The smallest transistor ever built -- in fact, the smallest transistor that can be built -- has been created using a single phosphorus atom by an international team of researchers at the University of New South Wales, Purdue University and the University of Melbourne. ...This is not a new paradism. Quantum mechanics has always been used to make transistors. We have no other understanding of them. But the real hype here is not smaller or faster computers, but the holy grail of quantum computers.
"This is a beautiful demonstration of controlling matter at the atomic scale to make a real device," Simmons says. "Fifty years ago when the first transistor was developed, no one could have predicted the role that computers would play in our society today. As we transition to atomic-scale devices, we are now entering a new paradigm where quantum mechanics promises a similar technological disruption. It is the promise of this future technology that makes this present development so exciting." ...
The single-atom transistor does have one serious limitation: It must be kept very cold, at least as cold as liquid nitrogen, or minus 391 degrees Fahrenheit (minus 196 Celsius). ...
The single-atom transistor could lead the way to building a quantum computer that works by controlling the electrons and thereby the quantum information, or qubits. Some scientists, however, have doubts that such a device can ever be built.This is where quantum computing research has been stuck for 30 years. Physicists can find more and cleverer ways of demonstrating quantum phenonema, but they cannot show that scalable qubits are possible. I am betting that scalable qubits are impossible.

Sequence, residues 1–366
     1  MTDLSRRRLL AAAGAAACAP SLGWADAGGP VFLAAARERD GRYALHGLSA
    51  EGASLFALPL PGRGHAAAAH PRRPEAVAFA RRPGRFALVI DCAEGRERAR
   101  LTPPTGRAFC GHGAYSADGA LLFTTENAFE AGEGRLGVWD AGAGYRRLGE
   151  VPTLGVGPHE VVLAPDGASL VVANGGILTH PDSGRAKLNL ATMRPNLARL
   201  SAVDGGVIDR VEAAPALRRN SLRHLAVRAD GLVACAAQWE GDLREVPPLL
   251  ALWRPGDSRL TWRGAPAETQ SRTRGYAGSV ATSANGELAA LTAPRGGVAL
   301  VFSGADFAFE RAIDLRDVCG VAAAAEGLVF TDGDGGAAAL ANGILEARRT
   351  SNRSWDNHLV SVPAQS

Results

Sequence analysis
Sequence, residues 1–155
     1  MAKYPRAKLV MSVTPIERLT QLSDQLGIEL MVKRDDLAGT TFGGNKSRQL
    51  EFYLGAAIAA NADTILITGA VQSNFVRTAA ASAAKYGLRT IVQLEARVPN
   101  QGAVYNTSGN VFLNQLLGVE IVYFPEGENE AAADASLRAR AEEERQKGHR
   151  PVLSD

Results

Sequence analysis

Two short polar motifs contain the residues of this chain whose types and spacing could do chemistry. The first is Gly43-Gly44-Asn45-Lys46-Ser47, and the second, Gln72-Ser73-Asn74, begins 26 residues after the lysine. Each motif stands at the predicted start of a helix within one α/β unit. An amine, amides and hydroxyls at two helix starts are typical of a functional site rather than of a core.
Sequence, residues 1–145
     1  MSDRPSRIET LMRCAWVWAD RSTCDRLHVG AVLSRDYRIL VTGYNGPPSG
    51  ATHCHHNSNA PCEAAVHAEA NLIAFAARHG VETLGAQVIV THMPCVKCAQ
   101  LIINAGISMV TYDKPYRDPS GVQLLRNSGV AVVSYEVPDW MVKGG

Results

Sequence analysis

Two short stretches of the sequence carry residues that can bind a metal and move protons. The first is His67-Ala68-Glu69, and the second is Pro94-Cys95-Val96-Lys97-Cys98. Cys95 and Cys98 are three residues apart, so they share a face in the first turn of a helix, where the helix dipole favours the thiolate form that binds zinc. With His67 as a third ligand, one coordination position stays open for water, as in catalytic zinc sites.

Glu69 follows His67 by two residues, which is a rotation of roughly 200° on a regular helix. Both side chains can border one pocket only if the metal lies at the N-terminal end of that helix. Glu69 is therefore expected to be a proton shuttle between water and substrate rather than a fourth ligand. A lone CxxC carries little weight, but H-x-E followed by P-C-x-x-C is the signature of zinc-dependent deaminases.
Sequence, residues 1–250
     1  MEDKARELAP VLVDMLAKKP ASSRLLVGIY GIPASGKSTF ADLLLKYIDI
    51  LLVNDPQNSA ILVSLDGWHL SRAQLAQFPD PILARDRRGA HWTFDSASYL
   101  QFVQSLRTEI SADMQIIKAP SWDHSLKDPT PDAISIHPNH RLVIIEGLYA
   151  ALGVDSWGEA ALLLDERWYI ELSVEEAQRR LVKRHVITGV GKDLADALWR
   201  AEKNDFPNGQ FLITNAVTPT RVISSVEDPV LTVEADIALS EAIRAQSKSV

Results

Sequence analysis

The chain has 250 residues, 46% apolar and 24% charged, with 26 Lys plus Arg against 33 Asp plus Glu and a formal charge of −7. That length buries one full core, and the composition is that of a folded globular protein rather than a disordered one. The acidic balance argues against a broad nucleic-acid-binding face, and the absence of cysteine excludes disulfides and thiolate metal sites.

"Whilst this result is a major milestone in scalable silicon quantum computing, it does not answer the question of whether quantum computing is possible or not," Simmons says. "The answer to this lies in whether quantum coherence can be controlled over large numbers of qubits. The technique we have developed is potentially scalable, using the same materials as the silicon industry, but more time is needed to realize this goal."
This means a quantum computer could do things a classical machine never could, letting you, say, crack today’s most complex encryption algorithms in relatively short order. But physicists still can’t agree on whether a quantum computer can actually be built. The rub is that if you interact with a quantum system, it “decoheres,” collapsing into a single state. In other words, the qubit turns into an ordinary bit. If you want to build a quantum computer, you have to — among other things — isolate its qubits from their surrounding environment.Note the admission that no one has a qubit yet, in spite of all the hype.
The new research from Purdue and New South Wales does not demonstrate a quantum bit. But in placing a single-atom transistor on a silicon crystal — and carefully isolating it from the surrounding substrate — it provides a clearer path to a working quantum computer.
While it's refreshing to find someone as skeptical of scientific hype as you, I think you have done too far with the claim that "no one has a qubit yet". Reasonable people can argue about how useful the qubits are that have been produced, but there are multiple examples of small numbers of qubits (with reasonable definitions of "qubit").ReplyDelete
So who invented the qubit? And why didn't he get a Nobel Prize for it?ReplyDelete